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Thermal Shock Protection for Diesel Particulate Filters
ISSN: 1946-3936, e-ISSN: 1946-3944
Published December 15, 2011 by SAE International in United States
Citation: Recker, P. and Pischinger, S., "Thermal Shock Protection for Diesel Particulate Filters," SAE Int. J. Engines 5(2):112-118, 2012, https://doi.org/10.4271/2011-01-2429.
During a thermal regeneration of a Diesel particulate filter (DPF) the temperature inside the DPF may raise above critical thresholds in an uncontrolled way (thermal shock). Especially driving conditions with a comparable low exhaust gas mass flow and high oxygen content like idle speed may create a thermal shock. This paper presents a concept for an ECU software structure to prevent the DPF from reaching improper temperatures and the methodology in order to calibrate this ECU structure.
The concept deals in general with a closed-loop control of the exhaust gas air-fuel-ratio during the critical engine operation phases. Those critical operation phases are identified at the engine test bench during “Drop-to-Idle” and “Drop-to-Overrun” experiments. The experiments show that those phases are critical having on the one hand a low exhaust gas mass flow and on the other hand a high oxygen percentage in the exhaust gas. Based on the experiments an ECU function is designed in order to detect the critical phases during real world driving conditions. As the DPF temperature and the DPF soot loading are two main criterions for critical operation phases a very accurate knowledge of these values is required. So a calibration method using nonlinear optimization is established which allows an accurate calibration of the ECU's soot combustion model. The DPF temperature itself is determined by using a discrete temperature model of the DPF which is based on the heat transfer between the exhaust gas and the catalyst brick while taking into account the exothermic heat of the soot combustion.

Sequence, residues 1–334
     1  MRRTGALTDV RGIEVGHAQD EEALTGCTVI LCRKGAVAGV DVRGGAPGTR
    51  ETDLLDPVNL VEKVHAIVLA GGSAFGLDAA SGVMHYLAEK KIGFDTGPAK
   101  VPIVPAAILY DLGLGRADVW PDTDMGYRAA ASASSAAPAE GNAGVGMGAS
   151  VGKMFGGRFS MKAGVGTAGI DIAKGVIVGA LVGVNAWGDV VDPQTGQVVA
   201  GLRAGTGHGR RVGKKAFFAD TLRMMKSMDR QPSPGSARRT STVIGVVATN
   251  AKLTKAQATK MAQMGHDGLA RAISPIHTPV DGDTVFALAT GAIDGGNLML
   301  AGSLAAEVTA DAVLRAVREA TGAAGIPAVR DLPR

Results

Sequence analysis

The air-fuel-ratio (AFR) is set to a nearly stoichiometric value during the critical occurrences by raising the exhaust gas recirculation (EGR) rate on the one hand and an exactly dosed fuel injection on the other hand. Using a measurement of the AFR after turbocharger the throttle of the engine is used for a closed-loop control of the AFR. The fuel injection is realized with an external fuel injector which was available on the used truck engine. In order to decrease the AFR the fuel quantity injected by the external injector is converted within in the Diesel oxidation catalyst (DOC). As there is no AFR measurement after DOC a modelled AFR is taken into account downstream DOC. For the calibration of the closed-loop controllers advanced methods were used in order to achieve a fast and accurate control.
By those measures the temperature increase inside the DPF can be reduced or even avoided so that also under critical driving conditions there is no damage on the DPF expected.